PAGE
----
Second Location Vendor Says FCC Should Set Indoor Location Accuracy Metric
Monday, September 17, 2018 | Comments

Polaris Wireless executives met with FCC officials to discuss a CTIA report and cover letter that the company said “obscure Polaris Wireless’ success in achieving highly accurate Z-axis fixes.”

The company said more testing should be performed, but more tests are not needed to set a metric. “Polaris Wireless recommends that the FCC proceed with establishing a vertical location benchmark metric of 3 meters on 80 percent of fixes for E9-1-1.”

The CTIA report, released last month, said 9-1-1 altitude location is not ready for live environments and specifically questioned barometric sensor bias. “Adjusting for sensor bias on an individualized device-by-device basis proved manageable when dealing with dedicated apps running on six test handsets, but the calibration capability would need to be built into live production solutions, with signaling based on standards and retested at scale to fully assess performance,” the report said.

In its ex parte filing, Polaris Wireless said it did not use the active compensation measures it has developed to overcome sensor bias because the company understood the test would only provide for limited opportunities in that area and its measures should not be used. However, the other participant was allowed to use compensation measures so Polaris Wireless requested that the test bed perform limited retesting with the active compensation measures. This yielded Z-axis accuracy of 2.8 meters overall, supporting floor level accuracy of 3 meters.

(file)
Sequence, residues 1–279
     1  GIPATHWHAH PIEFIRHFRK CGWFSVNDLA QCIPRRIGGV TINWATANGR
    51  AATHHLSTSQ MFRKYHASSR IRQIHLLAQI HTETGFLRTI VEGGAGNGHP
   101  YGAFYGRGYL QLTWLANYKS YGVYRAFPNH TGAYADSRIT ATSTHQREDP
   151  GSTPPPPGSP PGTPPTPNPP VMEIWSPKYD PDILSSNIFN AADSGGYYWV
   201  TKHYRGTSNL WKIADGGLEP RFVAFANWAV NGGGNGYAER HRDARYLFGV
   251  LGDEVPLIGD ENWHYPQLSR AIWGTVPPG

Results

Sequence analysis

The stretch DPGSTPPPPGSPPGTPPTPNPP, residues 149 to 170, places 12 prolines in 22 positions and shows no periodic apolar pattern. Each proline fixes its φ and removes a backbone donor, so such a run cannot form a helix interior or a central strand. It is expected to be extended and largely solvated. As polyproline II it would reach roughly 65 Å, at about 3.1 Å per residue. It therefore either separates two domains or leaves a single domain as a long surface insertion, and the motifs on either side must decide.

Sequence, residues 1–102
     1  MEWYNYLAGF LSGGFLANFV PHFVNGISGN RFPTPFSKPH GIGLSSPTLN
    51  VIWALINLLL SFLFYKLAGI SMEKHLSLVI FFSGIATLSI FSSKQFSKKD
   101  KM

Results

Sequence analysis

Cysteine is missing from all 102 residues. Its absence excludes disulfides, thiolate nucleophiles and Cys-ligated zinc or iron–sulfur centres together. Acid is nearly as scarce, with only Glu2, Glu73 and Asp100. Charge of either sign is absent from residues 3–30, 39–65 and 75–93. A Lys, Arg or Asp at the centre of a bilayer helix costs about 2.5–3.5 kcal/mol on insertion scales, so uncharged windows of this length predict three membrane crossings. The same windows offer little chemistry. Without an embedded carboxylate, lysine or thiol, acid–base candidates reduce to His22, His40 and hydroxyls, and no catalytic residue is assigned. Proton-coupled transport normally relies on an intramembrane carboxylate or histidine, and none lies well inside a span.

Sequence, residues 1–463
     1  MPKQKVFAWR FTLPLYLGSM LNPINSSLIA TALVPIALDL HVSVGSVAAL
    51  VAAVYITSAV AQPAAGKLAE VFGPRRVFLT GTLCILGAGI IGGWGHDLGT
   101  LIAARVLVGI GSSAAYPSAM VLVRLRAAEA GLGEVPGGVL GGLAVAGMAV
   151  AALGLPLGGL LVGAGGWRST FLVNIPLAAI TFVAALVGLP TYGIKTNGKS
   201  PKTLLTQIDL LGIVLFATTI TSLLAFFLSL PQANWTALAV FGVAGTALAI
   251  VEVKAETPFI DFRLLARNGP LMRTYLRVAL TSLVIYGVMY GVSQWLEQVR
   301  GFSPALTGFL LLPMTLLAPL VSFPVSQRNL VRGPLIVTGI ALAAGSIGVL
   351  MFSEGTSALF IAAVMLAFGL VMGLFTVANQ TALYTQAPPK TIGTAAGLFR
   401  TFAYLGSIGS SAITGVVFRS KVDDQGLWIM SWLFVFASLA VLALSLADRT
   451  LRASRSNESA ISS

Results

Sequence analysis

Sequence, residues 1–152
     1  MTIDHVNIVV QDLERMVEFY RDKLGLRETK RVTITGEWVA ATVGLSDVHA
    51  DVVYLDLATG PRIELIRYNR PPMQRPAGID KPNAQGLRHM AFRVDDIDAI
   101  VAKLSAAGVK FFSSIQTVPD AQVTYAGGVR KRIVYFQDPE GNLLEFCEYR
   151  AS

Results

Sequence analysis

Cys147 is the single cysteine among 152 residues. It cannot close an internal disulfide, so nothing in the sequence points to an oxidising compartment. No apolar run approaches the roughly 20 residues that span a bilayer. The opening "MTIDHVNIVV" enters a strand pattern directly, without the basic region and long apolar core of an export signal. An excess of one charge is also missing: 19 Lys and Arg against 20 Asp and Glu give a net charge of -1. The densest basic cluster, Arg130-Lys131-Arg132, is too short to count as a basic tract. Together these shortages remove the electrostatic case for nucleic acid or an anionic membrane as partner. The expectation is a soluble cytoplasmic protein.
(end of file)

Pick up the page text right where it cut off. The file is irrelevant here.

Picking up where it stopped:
“The Test Bed LLC did not respond and did not include this data in its report or in any supplement,” Polaris Wireless said.

Polaris Wireless also said its location solution is supported on iOS devices and could have been part of the test, but there was insufficient time to develop the test application for iOS devices.

“Polaris Wireless considers the Z-stage testing a success, achieving 4.8 meters with just a few compensation test calls outside of the test market and prior to actual testing,” the ex parte notice said. “Stage-Z testing also demonstrated that the currently adopted standards for barometric sensor compensation are sufficient to support the Stage-Z solutions under test, both demonstrating better than 3-meter accuracy. … The standards support setting a benchmark now, and it is incumbent upon carriers and device manufacturers to implement these standards.”

Last month, NextNav, the other trial participant also said the FCC should adopt a vertical location metric.

Find the full Poalris Wireless filing here.

Separately, the National Public Safety Telecommunications Council (NPSTC) said in a Sept. 17 outreach email summarizing its recent governing board meeting that although CTIA and wireless carriers recommended a Z-axis floor level accuracy of +/-5 meters, public safety has agreed that Z-axis accuracy of +/-3 meters would be much better.

“The [NPSTC] board voted to express the board's concerns on the Z-axis floor level accuracy to the FCC,” the email said.

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On 9/18/18, Abdelmadjid Zitani said:
The Z-axis is not compliant on phones especially on the other part of the world. However, it can be mixed with other data like tower height and other to have better accuracy. Good luck.

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